ANNA NETREBKO In the Still of Night
Anna Netrebko (soprano), Daniel Barenboim (piano).
Deutsche Grammophon Deluxe edition 477 8867; standard edition 477 8589
Recorded in performance at the Salzburg Festival in 2009, this collection of Russian songs documents is, incredibly enough, the first live recital of Anna Netrebko’s professional career. I found it something of a mixed bag. The repertoire is certainly appealing – 11 songs by Rimsky-Korsakov and nine by Tchaikovsky, only a few of them familiar. And the pianist Daniel Barenboim furnishes unfailingly musical and sensitive accompaniments, showing remarkable rapport with the singer while adding telling colorations and expressive accents to the vocal lines.
The wistful nymphs, disconsolate maidens and other figures depicted here inhabit a quintessentially Russian realm of deep melancholy. Netrebko does her best to avoid a certain monotonousness of mood and effect but does not always succeed. Part of the problem is that some of the nap has worn off her once-voluptuous tone. The more vigorously declamatory songs such as Rimsky’s Zvonche zhavoronka pen’ye (‘The lark’s song rings more clearly’) and Plenivshis’ rozoy, solovey (‘Captivated by the rose, the nightingale’), and Tchaikovsky’s Den’ li carit (‘Amidst the day’), betray a disconcertingly thin sound, suspect pitch, and what sounds like an incipient wobble. Generally more lyrical pieces, such as two Tchaikovsky lullabies (including the relatively well-known Serenada), fare more successfully and provide moments of gentle sweetness and serenity amid the prevailing gloom.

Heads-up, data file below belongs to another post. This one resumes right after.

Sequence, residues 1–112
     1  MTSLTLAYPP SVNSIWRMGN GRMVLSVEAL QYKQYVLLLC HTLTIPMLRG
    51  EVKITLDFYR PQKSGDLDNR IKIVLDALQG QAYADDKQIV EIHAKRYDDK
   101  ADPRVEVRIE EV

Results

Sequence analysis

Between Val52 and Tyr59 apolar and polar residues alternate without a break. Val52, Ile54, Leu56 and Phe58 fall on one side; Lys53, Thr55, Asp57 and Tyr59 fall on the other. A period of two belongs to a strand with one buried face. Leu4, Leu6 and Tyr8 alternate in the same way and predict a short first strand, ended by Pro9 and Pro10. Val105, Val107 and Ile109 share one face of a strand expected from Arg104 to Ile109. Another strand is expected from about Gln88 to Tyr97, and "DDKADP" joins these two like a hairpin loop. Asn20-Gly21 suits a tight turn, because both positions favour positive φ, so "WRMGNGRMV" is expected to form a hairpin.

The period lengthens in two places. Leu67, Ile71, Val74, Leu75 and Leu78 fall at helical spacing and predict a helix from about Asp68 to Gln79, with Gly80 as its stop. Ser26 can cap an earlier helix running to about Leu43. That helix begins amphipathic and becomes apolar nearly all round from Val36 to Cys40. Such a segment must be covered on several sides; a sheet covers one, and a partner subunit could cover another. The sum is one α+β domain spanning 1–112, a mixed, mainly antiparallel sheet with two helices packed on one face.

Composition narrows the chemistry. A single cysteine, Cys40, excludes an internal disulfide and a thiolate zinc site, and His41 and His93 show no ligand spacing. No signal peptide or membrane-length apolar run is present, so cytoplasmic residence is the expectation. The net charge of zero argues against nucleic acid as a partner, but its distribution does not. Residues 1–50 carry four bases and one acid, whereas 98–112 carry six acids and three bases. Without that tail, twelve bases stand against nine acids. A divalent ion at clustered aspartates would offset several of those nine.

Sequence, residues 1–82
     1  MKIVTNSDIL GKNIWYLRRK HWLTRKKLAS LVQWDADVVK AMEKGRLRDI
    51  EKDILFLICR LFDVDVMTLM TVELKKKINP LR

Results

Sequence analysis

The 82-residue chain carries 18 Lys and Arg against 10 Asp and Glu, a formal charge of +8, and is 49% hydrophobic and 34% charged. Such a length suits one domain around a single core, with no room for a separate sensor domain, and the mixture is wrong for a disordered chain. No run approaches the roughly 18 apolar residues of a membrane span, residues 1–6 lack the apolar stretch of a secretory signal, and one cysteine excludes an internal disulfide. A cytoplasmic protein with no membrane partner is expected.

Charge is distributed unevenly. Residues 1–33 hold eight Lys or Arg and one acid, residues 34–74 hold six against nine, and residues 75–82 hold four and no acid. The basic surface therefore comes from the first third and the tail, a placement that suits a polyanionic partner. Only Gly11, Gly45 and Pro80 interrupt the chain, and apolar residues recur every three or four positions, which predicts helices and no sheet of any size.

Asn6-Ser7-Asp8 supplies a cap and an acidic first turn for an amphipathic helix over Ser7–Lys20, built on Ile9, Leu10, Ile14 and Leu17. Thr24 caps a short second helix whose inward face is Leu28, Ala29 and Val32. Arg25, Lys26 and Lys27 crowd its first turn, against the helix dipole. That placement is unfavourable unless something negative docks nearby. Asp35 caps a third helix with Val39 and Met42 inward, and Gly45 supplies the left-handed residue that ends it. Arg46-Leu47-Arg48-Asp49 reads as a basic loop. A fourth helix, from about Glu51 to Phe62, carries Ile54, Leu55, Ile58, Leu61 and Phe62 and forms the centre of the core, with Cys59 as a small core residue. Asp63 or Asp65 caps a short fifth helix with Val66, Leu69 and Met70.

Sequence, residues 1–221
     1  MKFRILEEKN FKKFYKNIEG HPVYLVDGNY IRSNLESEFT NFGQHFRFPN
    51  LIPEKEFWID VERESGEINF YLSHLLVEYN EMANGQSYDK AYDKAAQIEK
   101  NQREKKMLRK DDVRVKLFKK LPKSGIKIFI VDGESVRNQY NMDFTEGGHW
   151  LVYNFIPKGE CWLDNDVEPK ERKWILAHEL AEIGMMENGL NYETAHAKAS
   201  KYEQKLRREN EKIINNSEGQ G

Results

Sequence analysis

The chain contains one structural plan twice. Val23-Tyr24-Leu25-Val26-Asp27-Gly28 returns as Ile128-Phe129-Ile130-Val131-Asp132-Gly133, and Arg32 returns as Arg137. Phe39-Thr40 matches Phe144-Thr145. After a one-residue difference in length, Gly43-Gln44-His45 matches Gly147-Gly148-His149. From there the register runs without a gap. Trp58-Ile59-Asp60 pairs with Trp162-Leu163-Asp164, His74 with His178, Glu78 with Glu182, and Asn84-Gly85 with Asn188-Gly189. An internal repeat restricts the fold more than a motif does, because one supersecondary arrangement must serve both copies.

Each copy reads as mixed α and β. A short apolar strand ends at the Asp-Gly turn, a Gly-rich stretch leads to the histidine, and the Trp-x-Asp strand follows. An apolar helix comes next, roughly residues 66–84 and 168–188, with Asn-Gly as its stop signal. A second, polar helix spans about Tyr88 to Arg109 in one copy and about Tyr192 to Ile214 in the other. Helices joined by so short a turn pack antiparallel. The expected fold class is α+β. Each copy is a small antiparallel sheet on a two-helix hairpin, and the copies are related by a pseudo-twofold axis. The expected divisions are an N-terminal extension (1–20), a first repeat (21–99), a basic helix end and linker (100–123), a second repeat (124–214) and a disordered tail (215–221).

The Salzburg audience is rapturous in its reception of the artists, bursting into generous applause at the beginning, between song groups and, of course, at the end. Netrebko and Barenboim favor the festival throng with two encores, Dvořák’s Songs My Mother Taught Me (sung, nicely, in Czech) and Richard Strauss’s Cäcilie, in which the soprano’s gutsy Slavic manner seems misplaced.
DG’s 60-page, hardcover ‘Deluxe Edition’ packaging includes the song texts in four languages, two essays, an interview with Netrebko, and photos of the glamorous diva. (The illustrated booklet for the standard jewel-case release includes just one essay and no song texts.) I’d recommend this disc mainly to Netrebko fans.